Book Review: Everything Bad is Good For You ~ Steven Johnson
I am very appreciative of the fact that my kiddos keep me posted on interesting books and ideas that they discover. And this book was a gem and a great tool to assist my thinking and help me keep pace.
When folks entertain themselves these days, they just may be making their brains more effective tools. Even if they watch certain television shows, they may not be just “couch potatoes” passively absorbing, they may be improving their minds, increasing brain synapses, and IQs.
It takes about 40 hours to play most video games. The games have evolved from just joystick skills enhancement to having to solve a series of dilemmas, remember those processes and repeat them in order to complete the quest and finish the game.
Johnson states, “Where most commentators assume a race to the bottom and dumbing down, I see a progressive story; mass culture growing more sophisticated, demanding more cognitive engagement with each passing year. Think of it as a kind of positive brainwashing”
Several TV shows have really changed how we think for the better because these shows have graduated from straight story lines to intricate plots and subplots that one must follow and understand in order to comprehend. There are still shows that are straight story lines but think of the difference between CSI and 24 – the watcher must keep all the story lines straight and know what happened previously in the latter. The West Wing and the Sopranos are also examples of many track programming.
Video game probing is a powerful form of intellectual activity – your’re learning the rules of a complex system without a guide, after all.
The long –term trend in pop culture is toward increased complexity, is there any evidence that our brains are reflecting that change? If mass media is supplying an increasingly rigorous mental workout, is there any empirical data that shows our cognitive muscles growing in response? YES
Johnson does not say folks should engage in a 24/7 video game fest of life. That is not balance. Children need to be with others, go to school, play outdoors and learn to be part of a family by being part of a family. There is definitely balance.
Johnson also feels that although there is a measurable increase in problem-solving skills and IQ with games and complex entertainment there is a strong need for reading and including the classics. It is through reading, people understand other people; the novels and stories that we read are instructing us in the complexity and layering of a personality and culture, that one can not get from problem-solving challenges alone.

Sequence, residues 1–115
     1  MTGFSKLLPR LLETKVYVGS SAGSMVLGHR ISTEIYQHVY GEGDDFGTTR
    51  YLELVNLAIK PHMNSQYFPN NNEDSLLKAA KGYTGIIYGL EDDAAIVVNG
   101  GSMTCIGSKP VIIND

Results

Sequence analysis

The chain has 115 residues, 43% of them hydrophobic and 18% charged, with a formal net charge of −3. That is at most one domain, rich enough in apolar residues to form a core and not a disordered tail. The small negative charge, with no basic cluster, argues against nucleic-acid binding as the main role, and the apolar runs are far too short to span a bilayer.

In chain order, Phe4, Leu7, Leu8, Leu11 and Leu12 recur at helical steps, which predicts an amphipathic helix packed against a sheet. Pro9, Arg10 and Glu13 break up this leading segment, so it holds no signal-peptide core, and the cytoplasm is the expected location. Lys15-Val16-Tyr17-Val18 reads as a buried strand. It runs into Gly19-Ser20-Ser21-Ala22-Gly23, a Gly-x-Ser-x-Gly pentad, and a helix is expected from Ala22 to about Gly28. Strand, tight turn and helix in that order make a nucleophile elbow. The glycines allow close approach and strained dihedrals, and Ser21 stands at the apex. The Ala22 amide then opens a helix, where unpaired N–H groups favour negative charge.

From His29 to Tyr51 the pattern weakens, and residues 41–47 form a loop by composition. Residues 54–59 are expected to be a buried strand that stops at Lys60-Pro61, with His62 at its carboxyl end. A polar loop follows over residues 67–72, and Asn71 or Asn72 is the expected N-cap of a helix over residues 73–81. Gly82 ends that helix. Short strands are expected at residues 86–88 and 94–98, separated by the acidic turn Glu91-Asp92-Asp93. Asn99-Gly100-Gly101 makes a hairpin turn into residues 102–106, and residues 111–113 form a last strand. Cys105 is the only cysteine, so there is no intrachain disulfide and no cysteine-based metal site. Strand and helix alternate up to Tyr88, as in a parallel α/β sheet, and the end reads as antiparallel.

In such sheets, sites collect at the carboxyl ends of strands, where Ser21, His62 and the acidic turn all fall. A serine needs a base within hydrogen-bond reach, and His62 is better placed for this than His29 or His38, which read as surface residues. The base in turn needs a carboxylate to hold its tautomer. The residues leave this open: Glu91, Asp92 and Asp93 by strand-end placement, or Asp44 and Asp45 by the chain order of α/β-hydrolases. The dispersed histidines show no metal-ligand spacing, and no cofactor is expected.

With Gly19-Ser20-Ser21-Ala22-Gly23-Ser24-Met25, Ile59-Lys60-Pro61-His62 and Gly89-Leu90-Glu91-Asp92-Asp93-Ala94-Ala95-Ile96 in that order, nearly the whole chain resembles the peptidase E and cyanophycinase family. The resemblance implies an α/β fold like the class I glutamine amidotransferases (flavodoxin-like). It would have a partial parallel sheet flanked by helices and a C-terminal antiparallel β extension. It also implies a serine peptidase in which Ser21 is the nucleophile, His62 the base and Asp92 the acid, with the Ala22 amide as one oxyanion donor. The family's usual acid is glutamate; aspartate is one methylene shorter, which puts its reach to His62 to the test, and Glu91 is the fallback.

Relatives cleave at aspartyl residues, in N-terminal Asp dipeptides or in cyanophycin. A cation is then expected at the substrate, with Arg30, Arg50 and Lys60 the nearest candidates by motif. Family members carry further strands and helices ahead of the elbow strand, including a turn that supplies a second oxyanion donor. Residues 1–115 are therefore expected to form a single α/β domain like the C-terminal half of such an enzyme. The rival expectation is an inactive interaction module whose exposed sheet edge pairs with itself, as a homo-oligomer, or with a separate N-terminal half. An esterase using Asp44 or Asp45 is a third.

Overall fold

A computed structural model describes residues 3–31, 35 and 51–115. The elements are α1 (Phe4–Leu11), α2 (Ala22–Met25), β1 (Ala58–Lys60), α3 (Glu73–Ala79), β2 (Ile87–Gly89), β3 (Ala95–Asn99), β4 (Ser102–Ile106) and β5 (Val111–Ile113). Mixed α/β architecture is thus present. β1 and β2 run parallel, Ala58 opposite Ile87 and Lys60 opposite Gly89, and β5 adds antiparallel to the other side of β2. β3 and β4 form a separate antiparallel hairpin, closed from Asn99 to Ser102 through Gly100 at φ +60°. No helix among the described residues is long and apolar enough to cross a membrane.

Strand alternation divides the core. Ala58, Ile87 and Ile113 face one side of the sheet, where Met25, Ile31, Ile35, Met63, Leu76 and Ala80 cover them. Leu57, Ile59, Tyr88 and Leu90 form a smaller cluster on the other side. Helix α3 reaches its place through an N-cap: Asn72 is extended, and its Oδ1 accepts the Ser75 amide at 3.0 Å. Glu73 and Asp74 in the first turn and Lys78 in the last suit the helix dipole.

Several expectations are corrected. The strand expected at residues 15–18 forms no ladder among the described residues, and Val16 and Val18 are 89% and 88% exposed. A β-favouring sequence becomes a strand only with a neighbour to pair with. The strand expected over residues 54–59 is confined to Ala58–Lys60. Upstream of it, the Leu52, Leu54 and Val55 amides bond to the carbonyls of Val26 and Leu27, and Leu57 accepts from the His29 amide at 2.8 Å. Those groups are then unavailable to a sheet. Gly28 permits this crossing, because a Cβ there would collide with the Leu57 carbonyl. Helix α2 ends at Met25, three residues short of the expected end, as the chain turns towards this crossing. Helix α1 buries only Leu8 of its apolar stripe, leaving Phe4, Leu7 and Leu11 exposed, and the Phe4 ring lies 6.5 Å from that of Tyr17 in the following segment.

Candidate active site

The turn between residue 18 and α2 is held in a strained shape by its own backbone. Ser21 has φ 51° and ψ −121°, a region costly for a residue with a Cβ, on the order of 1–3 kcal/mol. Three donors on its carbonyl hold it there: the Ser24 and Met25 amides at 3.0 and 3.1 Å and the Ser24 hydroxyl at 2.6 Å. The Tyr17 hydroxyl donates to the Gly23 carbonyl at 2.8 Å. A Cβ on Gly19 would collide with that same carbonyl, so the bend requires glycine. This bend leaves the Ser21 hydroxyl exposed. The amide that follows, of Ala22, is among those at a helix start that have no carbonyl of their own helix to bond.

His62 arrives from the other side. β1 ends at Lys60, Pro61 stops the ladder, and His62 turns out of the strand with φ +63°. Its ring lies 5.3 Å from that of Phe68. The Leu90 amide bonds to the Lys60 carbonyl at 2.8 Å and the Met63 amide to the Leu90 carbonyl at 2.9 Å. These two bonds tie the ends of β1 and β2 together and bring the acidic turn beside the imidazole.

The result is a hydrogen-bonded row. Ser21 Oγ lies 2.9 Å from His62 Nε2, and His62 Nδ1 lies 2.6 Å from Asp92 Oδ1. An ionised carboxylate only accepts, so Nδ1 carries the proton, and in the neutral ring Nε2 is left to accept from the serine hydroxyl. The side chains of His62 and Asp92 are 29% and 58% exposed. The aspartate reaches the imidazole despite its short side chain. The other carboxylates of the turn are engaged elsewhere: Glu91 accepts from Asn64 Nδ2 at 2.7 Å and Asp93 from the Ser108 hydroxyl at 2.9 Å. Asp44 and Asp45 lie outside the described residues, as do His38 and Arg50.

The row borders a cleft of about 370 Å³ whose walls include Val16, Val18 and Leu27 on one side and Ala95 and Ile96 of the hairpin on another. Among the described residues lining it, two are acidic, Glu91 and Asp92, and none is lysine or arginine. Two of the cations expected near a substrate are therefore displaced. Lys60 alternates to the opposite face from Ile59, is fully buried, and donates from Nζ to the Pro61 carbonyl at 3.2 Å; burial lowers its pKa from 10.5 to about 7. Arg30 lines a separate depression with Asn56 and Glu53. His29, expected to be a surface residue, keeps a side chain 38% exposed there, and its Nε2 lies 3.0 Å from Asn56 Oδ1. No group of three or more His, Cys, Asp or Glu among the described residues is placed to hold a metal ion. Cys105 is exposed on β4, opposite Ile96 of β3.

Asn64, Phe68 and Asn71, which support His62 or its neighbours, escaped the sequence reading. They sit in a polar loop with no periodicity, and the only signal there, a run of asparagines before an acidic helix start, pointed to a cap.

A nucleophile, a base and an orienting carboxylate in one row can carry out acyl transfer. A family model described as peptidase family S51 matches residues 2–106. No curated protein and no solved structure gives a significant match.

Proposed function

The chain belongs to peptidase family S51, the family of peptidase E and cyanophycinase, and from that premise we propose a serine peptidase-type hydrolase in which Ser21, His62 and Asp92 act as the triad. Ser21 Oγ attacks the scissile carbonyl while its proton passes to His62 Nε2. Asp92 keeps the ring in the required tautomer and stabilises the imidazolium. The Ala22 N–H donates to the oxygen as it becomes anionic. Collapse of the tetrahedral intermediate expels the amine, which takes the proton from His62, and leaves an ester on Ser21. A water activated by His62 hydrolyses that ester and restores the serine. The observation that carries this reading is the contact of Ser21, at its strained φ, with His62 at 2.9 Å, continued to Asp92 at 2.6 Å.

That some of the culture today does push at the boundaries of acceptable or healthy moral values shouldn’t surprise us, because it is in the nature of myth and storytelling to explore the edges of a society’s accepted beliefs and conventions. Popular stories rarely flourish in environments of perfect moral clarity; they tend to blossom at exactly the spaces where some established order is being questioned or tested.
This is the point where one needs to address issues within a conversation or dialogue, it is through many forms of communication that morals and values are translated and expressed. People need to talk about the entertainment they just explored. Blogs are a fine example of how media is changing the conversation that has increased communication skills and understanding. The vast majority of folks understand that the game characters are fictional and the story lines in TV are entertainment – not real life.
I don’t wish to be left behind, and although sometimes these more complex forms exploding into our society are too fast for me, I see how the Nintendo DS Brainage program is keeping my brain working and how writing a blog is keeping me in the conversation and in the game.
I highly recommend this book, it is KINDLE formatted and I very much enjoyed how Johnson added more information from the comments he has received on tour. The book is a fast, entertaining read and similar to a long blog post because of the stimulating comments from others.
So how do you keep your brain growing and developing more brain synapses?
What is your favorite form of social media and entertainment?
Check out the previous post for Malcolm Gladwell’s Blink
Steven Johnson hopes his children will engage with THE SIMS and CIVILIZATION IV
Do not forget the writing contests!